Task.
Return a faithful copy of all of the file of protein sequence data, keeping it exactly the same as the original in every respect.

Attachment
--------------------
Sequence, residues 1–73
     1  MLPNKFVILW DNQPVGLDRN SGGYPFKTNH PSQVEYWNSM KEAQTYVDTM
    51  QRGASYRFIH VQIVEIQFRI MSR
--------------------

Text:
Sequence, residues 1–73
     1  MLPNKFVILW DNQPVGLDRN SGGYPFKTNH PSQVEYWNSM KEAQTYVDTM
    51  QRGASYRFIH VQIVEIQFRI MSR